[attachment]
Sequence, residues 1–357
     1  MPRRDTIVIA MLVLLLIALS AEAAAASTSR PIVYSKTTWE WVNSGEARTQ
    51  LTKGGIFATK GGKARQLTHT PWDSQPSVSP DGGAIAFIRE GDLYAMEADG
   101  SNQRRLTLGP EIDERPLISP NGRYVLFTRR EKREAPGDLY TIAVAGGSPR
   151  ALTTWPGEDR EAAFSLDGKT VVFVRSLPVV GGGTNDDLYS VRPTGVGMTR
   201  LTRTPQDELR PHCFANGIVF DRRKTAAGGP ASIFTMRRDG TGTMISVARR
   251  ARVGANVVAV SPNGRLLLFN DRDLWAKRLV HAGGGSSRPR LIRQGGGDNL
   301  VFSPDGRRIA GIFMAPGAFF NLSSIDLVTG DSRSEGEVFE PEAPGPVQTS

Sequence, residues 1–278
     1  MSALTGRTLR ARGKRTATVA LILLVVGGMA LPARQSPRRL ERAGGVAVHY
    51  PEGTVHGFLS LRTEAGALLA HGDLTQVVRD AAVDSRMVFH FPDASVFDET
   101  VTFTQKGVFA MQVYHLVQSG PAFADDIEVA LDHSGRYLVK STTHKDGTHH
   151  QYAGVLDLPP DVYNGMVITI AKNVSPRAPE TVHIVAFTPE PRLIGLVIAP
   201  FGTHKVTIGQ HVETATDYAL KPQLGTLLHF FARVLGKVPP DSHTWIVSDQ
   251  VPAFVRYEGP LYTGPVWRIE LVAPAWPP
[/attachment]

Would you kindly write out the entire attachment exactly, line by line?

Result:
Sequence, residues 1–357
     1  MPRRDTIVIA MLVLLLIALS AEAAAASTSR PIVYSKTTWE WVNSGEARTQ
    51  LTKGGIFATK GGKARQLTHT PWDSQPSVSP DGGAIAFIRE GDLYAMEADG
   101  SNQRRLTLGP EIDERPLISP NGRYVLFTRR EKREAPGDLY TIAVAGGSPR
   151  ALTTWPGEDR EAAFSLDGKT VVFVRSLPVV GGGTNDDLYS VRPTGVGMTR
   201  LTRTPQDELR PHCFANGIVF DRRKTAAGGP ASIFTMRRDG TGTMISVARR
   251  ARVGANVVAV SPNGRLLLFN DRDLWAKRLV HAGGGSSRPR LIRQGGGDNL
   301  VFSPDGRRIA GIFMAPGAFF NLSSIDLVTG DSRSEGEVFE PEAPGPVQTS

Sequence, residues 1–278
     1  MSALTGRTLR ARGKRTATVA LILLVVGGMA LPARQSPRRL ERAGGVAVHY
    51  PEGTVHGFLS LRTEAGALLA HGDLTQVVRD AAVDSRMVFH FPDASVFDET
   101  VTFTQKGVFA MQVYHLVQSG PAFADDIEVA LDHSGRYLVK STTHKDGTHH
   151  QYAGVLDLPP DVYNGMVITI AKNVSPRAPE TVHIVAFTPE PRLIGLVIAP
   201  FGTHKVTIGQ HVETATDYAL KPQLGTLLHF FARVLGKVPP DSHTWIVSDQ
   251  VPAFVRYEGP LYTGPVWRIE LVAPAWPP